Sandy glanced at the hock ticket. "I need to borrow a hundred bucks, itíll only be for about ten minutes and you can have it right back."

"Yeah, I can do that," Vicky said. "Iíll have to stop at an ATM, but no problem."

A few minutes later, Vicky handed her five twenties. "I need you to take me to Herbís Pawnshop, itís around the corner and down about three blocks on the right," Sandy explained. "That asshole Robbie hocked my twelve-string."

"You donít want to be without it, huh?" Vicky smiled. "Good luck charm?"

"More than that, right now," Sandy said. "Christ, I hope itís still there, but theyíre supposed to hold stuff for thirty days." Shortly, Vicky parked in front of the pawn shop; Sandy just about clawed her way out of the car and headed inside.

Within three minutes she was back out, carrying the twelve-string in its gig bag. "OK," she said. "I can give you the money now, but itíll be a little easier if we wait till we get to your place."

"How are you paying me back?" Vicky smiled.

"Thereís a thousand bucks hidden in the lining of the gig bag," Sandy told her. "Itís my run money."

"In case things went sour with your husband?"

"No, itís been there since the first summer Dayna and I were on the road," Sandy explained. "I stuck it there in case things went sour between us and I had to get away, so Iíd have something. Then when Robbie got jammed down my throat, I figured Iíd better leave it there, just in case."

"Thatís what I call planning ahead," Vicky said. "Look, I took that hundred out of my own run money. Right now, you need it worse than I do."

"Things arenít going well with you and your husband?" Sandy asked.

"They could be going a hell of a lot better," Vicky said sadly. "You remember what it was like getting dates at Central. After you and Dayna left, I decided Iíd better take what I could get, and it wasnít the brightest move I ever made. It has its ups and downs, and Iím trying to keep it going, but one of these days Iím probably going to be in your shoes."

"Well, at least youíre more realistic about it than I was," Sandy said. "I tried to keep it going, but fuck, I knew it was a loss from the start."

"I guess I did, too," Vicky said. "You got any idea where youíre going?"

"No idea," Sandy said. "Just out. If Daynaís on the road again, Iíll try and get hold of her parents, try to get in touch with her, and see if sheíll take me back. Then Iíll have to do something about a divorce."

"Look, I donít want to get your hopes up, but I think thereís a good chance that sheíll jump for joy," Vicky said. "We didnít talk about it much when I was on the phone with her a couple weeks ago, but she said she was not real happy about going out on the road by herself. Back when I helped with her gig in Louisiana in November, she told me flat out that she missed the hell out of you, she was doing her damndest to learn how to get along without you, and she didnít like doing it much."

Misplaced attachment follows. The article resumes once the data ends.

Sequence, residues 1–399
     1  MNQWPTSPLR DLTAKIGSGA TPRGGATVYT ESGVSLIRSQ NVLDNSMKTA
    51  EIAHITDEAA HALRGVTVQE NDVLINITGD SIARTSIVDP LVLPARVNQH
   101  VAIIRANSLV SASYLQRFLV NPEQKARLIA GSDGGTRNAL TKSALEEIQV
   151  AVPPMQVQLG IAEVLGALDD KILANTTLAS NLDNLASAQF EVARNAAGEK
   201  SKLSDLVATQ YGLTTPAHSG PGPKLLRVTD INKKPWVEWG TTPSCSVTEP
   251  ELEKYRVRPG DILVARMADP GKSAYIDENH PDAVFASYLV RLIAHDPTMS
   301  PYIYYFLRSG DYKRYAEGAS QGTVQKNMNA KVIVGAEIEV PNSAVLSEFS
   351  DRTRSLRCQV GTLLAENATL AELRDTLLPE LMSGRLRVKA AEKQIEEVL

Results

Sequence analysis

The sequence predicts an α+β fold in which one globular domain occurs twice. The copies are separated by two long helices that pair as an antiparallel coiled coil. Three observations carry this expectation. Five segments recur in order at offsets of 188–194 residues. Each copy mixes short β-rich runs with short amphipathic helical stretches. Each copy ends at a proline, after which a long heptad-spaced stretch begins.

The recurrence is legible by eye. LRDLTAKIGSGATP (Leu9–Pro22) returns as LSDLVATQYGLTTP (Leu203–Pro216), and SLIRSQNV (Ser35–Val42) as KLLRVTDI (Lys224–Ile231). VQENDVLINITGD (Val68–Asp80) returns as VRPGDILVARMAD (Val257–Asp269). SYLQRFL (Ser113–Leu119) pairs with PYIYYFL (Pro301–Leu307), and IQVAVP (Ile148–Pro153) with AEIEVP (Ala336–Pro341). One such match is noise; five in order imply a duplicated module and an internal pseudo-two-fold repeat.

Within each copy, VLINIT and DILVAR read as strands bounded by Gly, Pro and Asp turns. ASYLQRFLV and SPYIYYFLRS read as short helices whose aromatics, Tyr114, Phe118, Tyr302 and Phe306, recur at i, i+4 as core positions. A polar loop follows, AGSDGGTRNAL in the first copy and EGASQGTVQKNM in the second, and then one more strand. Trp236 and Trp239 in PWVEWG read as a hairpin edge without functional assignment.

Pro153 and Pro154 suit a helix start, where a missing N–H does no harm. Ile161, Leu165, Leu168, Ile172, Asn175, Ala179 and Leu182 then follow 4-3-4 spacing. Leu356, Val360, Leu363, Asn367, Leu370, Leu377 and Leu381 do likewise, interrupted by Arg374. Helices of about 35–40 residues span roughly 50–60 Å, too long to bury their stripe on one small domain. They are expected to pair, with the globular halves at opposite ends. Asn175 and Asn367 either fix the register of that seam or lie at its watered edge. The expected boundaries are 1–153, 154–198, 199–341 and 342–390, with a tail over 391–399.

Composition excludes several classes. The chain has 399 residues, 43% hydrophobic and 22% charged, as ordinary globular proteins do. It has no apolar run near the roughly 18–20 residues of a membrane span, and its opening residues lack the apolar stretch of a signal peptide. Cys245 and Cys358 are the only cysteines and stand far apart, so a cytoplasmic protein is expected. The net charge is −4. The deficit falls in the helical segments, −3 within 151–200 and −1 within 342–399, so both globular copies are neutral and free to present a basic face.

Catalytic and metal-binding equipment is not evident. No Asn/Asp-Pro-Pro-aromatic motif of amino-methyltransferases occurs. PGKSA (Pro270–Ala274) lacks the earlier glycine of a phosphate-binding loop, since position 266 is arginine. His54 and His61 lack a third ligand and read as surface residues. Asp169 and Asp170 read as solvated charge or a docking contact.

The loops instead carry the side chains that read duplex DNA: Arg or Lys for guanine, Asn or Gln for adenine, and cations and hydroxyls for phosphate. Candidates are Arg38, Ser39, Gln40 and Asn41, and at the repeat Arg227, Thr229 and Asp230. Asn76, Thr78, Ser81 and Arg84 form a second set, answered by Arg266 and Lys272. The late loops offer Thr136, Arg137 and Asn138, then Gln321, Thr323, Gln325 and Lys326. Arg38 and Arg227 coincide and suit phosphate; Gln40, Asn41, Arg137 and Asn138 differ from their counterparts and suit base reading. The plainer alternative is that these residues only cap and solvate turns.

"Thank God," Sandy said. "Maybe itíll work. But whatís this about you helping with a gig in Louisiana?"

"You didnít know about that?"

"No, all weíve done is exchange Christmas cards."

Vicky quickly explained how Dayna had been too weak to give shows and live on the road, and how Emily had organized the Bradford í88s to be her roadies. "I spent a week with her. It was pretty fun some of the time, but a lot of the time she was pretty morose, too."

"Never heard a word of it," Sandy said. "We sort of agreed to try to pull away from each other so we wouldnít tear at each other too much. Well, fuck that."

"Like I said, I donít want to get your hopes up, but Iíd be surprised if she wonít be happy to hear from you." She let out a long sigh. "Look, Sandy, I donít want to pry, but there was something more going on between you and Dayna than just being good friends, right?"

"Uh, yeah," she said cautiously.

"I thought so," Vicky smiled. "A lot of us have suspected that, but I guess no one has asked till now."

"I donít think Dayna would want it to get out," Sandy cautioned.

"Donít worry, I wonít tell," Vicky smiled. "Not even Emily, which in terms of Bradford, is about like putting it on the front page of the local paper." She stopped for a second. "Look, have you given any thought to getting a divorce?"

"Iím divorcing that bastard; thatís all the thought I need," she said sullenly.

"I donít mean the decision to do it, I mean the how," Vicky said.

"No," Sandy sighed softly. "Hell, I didnít even have my mind made up to do it an hour ago."

"Look, I donít think youíll have the chance, but donít tell anybody that Iíve done some thinking about it. I mean, just to know what my options are if and when the time comes. You donít particularly want your husband or your parents to interfere with it before itís a done deal, right?"

"Youíve got that more than right," Sandy snorted. "In fact, I donít care if I never see any of them again. As far as theyíre concerned, I want to just drop off the face of the earth."